Custom vs. Generic - Which is best?

We get asked this question all the time, and indeed with the emergence of social media groups and forums, we actually get told what customers want fairly often! Or, as we'd like to think, what they think they want or have been told they want.

Generic map or Custom map?

The problem is that there is no such standardised nomenclature within the tuning industry. There are companies offering "custom" maps on your driveway, without a test drive, without data logging, and they'll do it for almost any car. Ask yourself; how can this be possible? Is a custom map always going to be better than a generic map? Generic maps are looked down upon by many customers as though it may be second rate to a so-called custom map.

What is a "generic map"?

In the true sense of the words, a generic map is a map that is used on more than one car. This can't be good, right? Surely if it's not made to your car, all manner of problems could happen and gateways to hell could open. Not the case. Your car has had a generic map on it since it was built, made by the manufacturer for all cars of a certain specification to use. Can you imagine a manufacturer tuning every single car they produce? It would probably take longer to do that than build the rest of the entire car! They don't, as we all know and common sense will tell you. This means that there are a multitude of improvements that can be made within the calibration. A manufacturer has to build an ECU calibration that can be used on cars often worldwide, with a huge temperature range to deal with, varying grades (and of course qualities) of fuel, different operating altitude requirements, differing servicing regimes.. the list goes on. However, the ECUs on most modern vehicles and indeed the cars that we specialise in, are capable of adapting to changes in the operating environment and have safety features and lookup tables within the calibration to fall back on in when the need arises. Whilst the true meaning of a generic map is a map that could be used on more than one car, most people refer to it as just being a token increase in power with little to no knowledge of the car involved. We see this kind of map very often, with a few percent added here and there, to make a car a bit quicker. We would call a generic map in that style, more a "remap" than a "tune".

So what's a custom map then?

Well here comes another massive can of worms. Many people tend to believe a custom map is better for their car than a generic map as we mentioned above.. but any map is only as good as the person who writes it. At Shark Performance we believe a custom map to be exactly that, a bespoke complete recalibration of the ECU required because fundamental components of the engine have been altered or swapped out for larger/higher performance versions. But if you can buy a "custom" map for your otherwise standard car, surely that's better? Well, unfortunately not. Many remapping companies use a kind of "remapping by numbers" type of editing system where as before, a few percent here and there are added to create a new ECU map. Is it custom? Arguably it could be. Is it any good? Not necessarily. And indeed could be worse, make less power, and could potentially be more dangerous than a well tested, time proven generic map.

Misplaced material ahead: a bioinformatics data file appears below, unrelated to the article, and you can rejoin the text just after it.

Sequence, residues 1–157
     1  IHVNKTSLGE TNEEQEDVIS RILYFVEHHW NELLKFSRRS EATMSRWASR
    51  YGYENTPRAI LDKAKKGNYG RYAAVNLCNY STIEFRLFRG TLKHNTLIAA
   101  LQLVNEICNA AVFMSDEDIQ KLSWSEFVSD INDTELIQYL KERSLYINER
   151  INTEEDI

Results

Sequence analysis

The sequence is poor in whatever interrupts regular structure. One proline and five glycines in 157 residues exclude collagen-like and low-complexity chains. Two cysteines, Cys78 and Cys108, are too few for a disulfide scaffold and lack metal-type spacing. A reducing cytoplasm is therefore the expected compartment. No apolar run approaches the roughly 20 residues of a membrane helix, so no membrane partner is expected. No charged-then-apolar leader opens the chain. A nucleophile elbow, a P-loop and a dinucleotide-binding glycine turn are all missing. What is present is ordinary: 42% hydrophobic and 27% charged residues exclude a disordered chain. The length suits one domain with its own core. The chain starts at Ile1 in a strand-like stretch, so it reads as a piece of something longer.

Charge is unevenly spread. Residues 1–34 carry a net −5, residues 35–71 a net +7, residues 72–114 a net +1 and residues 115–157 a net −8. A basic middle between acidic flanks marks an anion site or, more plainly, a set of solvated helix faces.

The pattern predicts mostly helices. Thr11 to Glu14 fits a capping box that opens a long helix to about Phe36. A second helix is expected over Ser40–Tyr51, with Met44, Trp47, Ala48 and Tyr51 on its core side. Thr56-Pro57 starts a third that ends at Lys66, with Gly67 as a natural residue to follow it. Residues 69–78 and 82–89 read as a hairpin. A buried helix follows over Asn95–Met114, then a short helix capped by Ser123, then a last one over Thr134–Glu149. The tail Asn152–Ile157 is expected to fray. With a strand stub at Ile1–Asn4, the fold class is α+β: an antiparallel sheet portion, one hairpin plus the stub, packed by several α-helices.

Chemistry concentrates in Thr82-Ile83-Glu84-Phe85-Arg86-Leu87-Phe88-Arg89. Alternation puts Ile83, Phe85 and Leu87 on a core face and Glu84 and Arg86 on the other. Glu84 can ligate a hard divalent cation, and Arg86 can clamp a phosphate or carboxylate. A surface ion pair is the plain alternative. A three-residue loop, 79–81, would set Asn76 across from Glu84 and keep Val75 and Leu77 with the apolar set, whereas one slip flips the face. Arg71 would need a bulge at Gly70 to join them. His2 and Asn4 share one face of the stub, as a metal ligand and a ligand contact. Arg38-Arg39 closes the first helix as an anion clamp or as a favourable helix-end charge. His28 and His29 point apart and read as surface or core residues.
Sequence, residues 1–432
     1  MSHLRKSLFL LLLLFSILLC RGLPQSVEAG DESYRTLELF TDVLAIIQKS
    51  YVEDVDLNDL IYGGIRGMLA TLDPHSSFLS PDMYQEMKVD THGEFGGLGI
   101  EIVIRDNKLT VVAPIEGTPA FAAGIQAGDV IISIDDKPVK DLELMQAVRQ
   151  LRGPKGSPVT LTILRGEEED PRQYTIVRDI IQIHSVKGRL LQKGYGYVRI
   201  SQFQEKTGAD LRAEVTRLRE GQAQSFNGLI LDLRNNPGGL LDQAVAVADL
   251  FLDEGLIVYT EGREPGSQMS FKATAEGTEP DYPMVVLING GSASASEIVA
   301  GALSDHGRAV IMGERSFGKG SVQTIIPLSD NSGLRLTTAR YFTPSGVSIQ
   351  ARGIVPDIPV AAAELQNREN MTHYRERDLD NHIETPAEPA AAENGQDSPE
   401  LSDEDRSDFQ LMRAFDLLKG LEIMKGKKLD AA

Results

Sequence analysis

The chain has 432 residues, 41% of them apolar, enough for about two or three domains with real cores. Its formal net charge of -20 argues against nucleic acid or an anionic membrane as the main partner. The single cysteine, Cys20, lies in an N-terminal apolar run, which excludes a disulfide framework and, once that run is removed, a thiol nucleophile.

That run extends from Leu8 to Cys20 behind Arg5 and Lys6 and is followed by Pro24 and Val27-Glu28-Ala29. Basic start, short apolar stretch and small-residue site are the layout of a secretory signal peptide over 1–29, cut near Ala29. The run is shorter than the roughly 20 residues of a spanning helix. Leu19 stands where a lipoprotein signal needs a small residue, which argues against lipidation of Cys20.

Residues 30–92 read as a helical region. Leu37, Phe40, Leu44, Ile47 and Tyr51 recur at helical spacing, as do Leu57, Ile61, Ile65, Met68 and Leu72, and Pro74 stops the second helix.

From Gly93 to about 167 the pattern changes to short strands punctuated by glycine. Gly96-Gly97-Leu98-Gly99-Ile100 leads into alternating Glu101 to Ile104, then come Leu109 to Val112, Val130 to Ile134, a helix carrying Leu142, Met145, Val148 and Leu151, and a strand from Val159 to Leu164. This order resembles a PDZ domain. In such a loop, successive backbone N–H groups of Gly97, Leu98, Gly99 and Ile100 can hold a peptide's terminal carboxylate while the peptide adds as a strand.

This is confusing. What should I do?

Now this is a simple one, and the answer would be the same for just about any purchase you are deciding on. You should do whatever is best for you. Do your research. Look at the reputation of the company you'd like to use. Decide if you truly need a "custom" map, because in all honesty a well developed, well tested map will likely be a much better bet for your car and even your pocket, in the long run. Is the company a specialist in your brand? A company that tunes almost anything is less likely to be able to offer you the same expertise about your vehicle or its mapping as a company who deal with a only handful of brands. ECUs are complicated things, and never has the phrase "knowledge is power" been more true.

What do Shark Performance offer?

We offer the best of both worlds. We offer well tested, dyno developed, street refined software for our Stage 1, Stage 2 and Stage 3 offerings that can also be customised in any way you, or we want or need. Instead of selling our customers a "generic" or "custom" map, we categorise our maps based upon the modifications you have on your car. We don't charge extra for customising your map to your preferences. We don't charge extra for necessary tweaks or alterations to a map to make it correct for your car.

  • Stage 1 - for cars with no hardware modifications, or small changes such as a cat-back exhaust system
  • Stage 2 - for cars with a cold-air intake and turbo-back exhaust system
  • Stage 3 - for cars with all prerequisites for Stage 2, along with an intercooler and/or other model specific modifications, such as high-pressure fuel pump upgrades on 2.0TFSI engines for example
  • Bespoke - for cars with a long list of modifications, including the above and encompassing larger turbochargers, change of injectors, and a range of other modifications designed for very large performance increases from the stock power

Whatever it is that you're looking to do with your car, we'll give you sound, honest advice about your modification journey whether you drive an A1 or an R8. Of course we have to make a living, but we're not here to sell. That's why our customers return over and over again and why we are lucky to enjoy a good reputation along with a high level of respect within the tuning industry.